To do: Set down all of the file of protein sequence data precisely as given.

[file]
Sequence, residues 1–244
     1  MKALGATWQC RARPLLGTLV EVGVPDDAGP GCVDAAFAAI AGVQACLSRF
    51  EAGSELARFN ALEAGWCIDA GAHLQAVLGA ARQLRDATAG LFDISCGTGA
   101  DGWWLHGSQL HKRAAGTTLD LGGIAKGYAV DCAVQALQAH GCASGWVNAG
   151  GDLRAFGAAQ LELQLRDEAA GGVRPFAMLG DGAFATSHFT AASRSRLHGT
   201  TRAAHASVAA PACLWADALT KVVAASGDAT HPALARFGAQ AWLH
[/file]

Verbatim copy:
Sequence, residues 1–244
     1  MKALGATWQC RARPLLGTLV EVGVPDDAGP GCVDAAFAAI AGVQACLSRF
    51  EAGSELARFN ALEAGWCIDA GAHLQAVLGA ARQLRDATAG LFDISCGTGA
   101  DGWWLHGSQL HKRAAGTTLD LGGIAKGYAV DCAVQALQAH GCASGWVNAG
   151  GDLRAFGAAQ LELQLRDEAA GGVRPFAMLG DGAFATSHFT AASRSRLHGT
   201  TRAAHASVAA PACLWADALT KVVAASGDAT HPALARFGAQ AWLH